1. When it comes to vintage starters, there are two basic types. The top one uses a “crash” bendix and external solenoid. It’s common to MGAs, Spridgets and some TRs. The bottom is a pre-engaged MGB starter that features an integrated solenoid.

2. Our Modern Midget project car received a modern gear-reduction starter during its construction, as our OEM Lucas starter—shown here—was getting a little noisy. 

3. We sourced a gear-reduction starter from Gustafson Specialty Products. The smaller, modern unit is nearly half a pound lighter than the piece it replaces. It also requires about 100 amps to spin the motor over; the OEM unit demanded 130.

4. Since our Midget uses an external starter solenoid, we had to fit a jumper wire from the unit’s big post to its small post. We could have eliminated the solenoid completely, but our solution leaves more of the stock wiring intact while requiring less work.

5. Many gear-reduction starters can be rotated into different positions for easier mounting. Our unit came positioned properly, so we didn’t change anything.

6. Our Midget’s new starter should last for thousands of happy starts.

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View comments on the CMS forums
wspohn SuperDork
8/3/20 4:47 p.m.

Given that the gear reduction starters tend to cost between double and 2.5 times what the original style did, one has to think a bit before going that way.

I own several cars that use BMC B series engines and the late style of pre-engaged starter has considerably more grunt than the original early starters did and because they pre-engage with the teeth before exerting torque, they are bolt in replacement for the early style despite the fact that the ring gear teeth are chamfered the opposite way.  I run a stock late MGB starter on my race engine, which is 12:1 compression and is a fairly stiff challenge to a starter and the stock late style BMC unit performs just fine.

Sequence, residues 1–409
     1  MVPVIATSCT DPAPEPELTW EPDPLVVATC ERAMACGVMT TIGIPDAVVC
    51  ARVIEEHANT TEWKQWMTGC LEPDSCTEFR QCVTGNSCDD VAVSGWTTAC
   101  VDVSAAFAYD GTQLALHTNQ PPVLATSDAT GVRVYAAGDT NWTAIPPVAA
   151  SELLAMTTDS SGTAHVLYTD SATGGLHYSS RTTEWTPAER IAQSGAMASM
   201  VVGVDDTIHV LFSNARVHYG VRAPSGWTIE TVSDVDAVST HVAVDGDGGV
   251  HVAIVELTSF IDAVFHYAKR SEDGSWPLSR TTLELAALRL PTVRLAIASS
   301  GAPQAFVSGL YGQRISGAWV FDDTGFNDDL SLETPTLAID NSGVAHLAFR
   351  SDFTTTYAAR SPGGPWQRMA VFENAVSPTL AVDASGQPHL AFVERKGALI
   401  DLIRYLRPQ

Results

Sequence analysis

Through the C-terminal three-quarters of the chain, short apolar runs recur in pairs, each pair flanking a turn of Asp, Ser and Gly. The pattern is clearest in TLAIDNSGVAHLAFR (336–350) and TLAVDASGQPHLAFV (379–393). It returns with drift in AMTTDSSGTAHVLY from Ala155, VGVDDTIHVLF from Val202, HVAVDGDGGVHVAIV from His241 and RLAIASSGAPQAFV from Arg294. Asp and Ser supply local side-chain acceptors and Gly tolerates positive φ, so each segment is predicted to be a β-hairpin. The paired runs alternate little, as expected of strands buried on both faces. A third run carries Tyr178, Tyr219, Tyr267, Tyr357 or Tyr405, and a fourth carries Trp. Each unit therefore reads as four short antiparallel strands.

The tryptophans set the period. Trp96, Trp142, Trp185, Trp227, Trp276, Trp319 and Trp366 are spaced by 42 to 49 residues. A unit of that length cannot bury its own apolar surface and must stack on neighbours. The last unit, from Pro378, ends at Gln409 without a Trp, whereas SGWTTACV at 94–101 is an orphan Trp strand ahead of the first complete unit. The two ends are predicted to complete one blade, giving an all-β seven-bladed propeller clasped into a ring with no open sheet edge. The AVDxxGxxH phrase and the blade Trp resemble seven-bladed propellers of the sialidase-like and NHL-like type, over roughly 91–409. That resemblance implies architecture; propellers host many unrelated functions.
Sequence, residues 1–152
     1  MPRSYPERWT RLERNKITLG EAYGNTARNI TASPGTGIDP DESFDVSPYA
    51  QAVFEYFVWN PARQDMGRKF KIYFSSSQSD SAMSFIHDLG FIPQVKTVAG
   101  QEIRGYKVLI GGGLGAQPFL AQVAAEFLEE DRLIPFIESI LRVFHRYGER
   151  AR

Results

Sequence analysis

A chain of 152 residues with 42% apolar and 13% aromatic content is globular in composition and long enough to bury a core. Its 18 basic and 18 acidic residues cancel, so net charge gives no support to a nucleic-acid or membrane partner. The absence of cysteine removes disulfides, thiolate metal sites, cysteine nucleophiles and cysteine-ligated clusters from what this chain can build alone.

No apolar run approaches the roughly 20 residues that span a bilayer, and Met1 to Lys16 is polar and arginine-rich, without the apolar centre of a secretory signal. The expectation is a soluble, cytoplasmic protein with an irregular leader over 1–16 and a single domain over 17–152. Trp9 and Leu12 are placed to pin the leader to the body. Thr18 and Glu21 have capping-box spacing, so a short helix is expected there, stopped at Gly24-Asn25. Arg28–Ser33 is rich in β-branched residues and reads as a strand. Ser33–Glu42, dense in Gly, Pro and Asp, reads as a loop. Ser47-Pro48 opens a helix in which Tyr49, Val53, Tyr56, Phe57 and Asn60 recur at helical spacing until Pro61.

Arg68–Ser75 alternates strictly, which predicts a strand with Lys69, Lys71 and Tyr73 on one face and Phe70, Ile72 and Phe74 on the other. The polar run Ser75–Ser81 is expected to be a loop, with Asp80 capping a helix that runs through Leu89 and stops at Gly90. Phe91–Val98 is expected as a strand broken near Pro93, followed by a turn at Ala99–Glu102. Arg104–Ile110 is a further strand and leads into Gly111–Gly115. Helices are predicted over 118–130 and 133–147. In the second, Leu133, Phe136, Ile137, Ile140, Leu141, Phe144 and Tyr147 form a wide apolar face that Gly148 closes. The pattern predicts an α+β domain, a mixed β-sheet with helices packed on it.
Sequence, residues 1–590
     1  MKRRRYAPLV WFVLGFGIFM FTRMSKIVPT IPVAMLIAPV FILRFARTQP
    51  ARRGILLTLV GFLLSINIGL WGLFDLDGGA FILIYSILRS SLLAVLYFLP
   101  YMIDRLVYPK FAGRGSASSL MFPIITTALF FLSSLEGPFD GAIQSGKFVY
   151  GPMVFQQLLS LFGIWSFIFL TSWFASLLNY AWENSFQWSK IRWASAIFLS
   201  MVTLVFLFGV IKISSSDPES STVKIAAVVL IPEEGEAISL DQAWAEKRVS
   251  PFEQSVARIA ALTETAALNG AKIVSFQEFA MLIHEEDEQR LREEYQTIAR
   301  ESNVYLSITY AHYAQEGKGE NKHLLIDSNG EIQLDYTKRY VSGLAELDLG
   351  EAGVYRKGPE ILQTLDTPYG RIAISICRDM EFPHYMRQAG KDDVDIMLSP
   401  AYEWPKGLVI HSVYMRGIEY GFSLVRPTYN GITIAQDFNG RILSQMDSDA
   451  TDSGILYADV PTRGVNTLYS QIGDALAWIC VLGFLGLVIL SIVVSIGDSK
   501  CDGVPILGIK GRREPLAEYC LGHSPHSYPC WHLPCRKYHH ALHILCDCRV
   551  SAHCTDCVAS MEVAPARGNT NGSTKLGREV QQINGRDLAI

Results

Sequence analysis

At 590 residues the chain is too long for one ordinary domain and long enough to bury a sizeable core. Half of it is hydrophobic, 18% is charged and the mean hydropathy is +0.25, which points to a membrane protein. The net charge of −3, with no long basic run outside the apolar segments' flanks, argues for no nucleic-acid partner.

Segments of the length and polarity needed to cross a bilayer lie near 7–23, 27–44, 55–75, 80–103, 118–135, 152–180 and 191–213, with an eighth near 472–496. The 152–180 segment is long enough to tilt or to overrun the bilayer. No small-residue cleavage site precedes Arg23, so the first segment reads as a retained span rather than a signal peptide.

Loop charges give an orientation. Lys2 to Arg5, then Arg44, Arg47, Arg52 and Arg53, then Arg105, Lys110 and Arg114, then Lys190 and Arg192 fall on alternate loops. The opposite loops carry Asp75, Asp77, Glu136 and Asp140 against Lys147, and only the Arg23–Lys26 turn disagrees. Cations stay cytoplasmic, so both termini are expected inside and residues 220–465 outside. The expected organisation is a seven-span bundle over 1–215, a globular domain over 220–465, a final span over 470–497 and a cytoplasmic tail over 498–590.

Given the possible misfitting issue that you mentioned and the large price differential, I tend not to bother fitting the gear reduction style.


CAPTREJohnston New Reader
2/1/21 1:16 p.m.

Putting a modern gear reduction starter in my 1973 Alfa Romeo Spider in 2014 was the single best modification I've made to it in my 47 years of ownership.  The difference in the speed with which it cranks the engine over is night and day compared to the origianl Bosch starter.

Tim Suddard
Tim Suddard Publisher
2/2/21 6:20 a.m.

I use them in almost all the project cars I build and have never had a starter problem.

volvoclearinghouse PowerDork
2/5/21 1:07 p.m.

After doing a little research I discovered that Volvo used the same starter in the 1960's B18's (and probably even earlier in the B16's...) up through the 240 volvos in the 1980's.  Then around the mid-late 80s they changed over to a gear reduction unit.  Thus, while I have not yet confirmed personally, I'm strongly suspicious the later 240 gear reduction starters are a drop-in replacement for the heavy old starters in the B16/B18/B20 found in pV444, PV544, Amazons/ 122, 1800, and 140's. 

As it happens I have a new gear reduction starter out of a 240, and plenty of b18's/ b20's to try it in...

GrizwoldsZ New Reader
6/14/22 10:44 a.m.

I guess I'm lucky. I own a Datsun 240Z and a factory gear reduction starter from a later model 280ZX bolts right in. I've had this setup for several years now with no issues.

jr02518 HalfDork
6/15/22 9:26 p.m.

Adding the newer, smaller and lighter starter to my Datsun helps with room for the headers that will happen, in the furure.

Getting the original out of the car is no fun, but it happened.  Taking a page from the Lotus play book, lightness has been added! 


Tim Suddard
Tim Suddard Publisher
6/16/22 12:12 p.m.

In reply to jr02518 :

Wow, what a difference.

PeteLoBianco New Reader
6/16/22 6:58 p.m.

I'd express a little concern here if switching from a "crash" or pull starter to the push type.  Used to play with English Ford engines (Super 7) and we never switched types of starters without switching flywheels.  The pull type starter had a flywheel with the ring gear applied from the back.  The push type had a flywheel with the ring gear applied from the front.  In both cases it seated against a lip with the starter pushing or pulling against that lip.  I had heard (never experienced) horror stories of starters removing ring gears over time.  Is this not the case when switching on other British cars?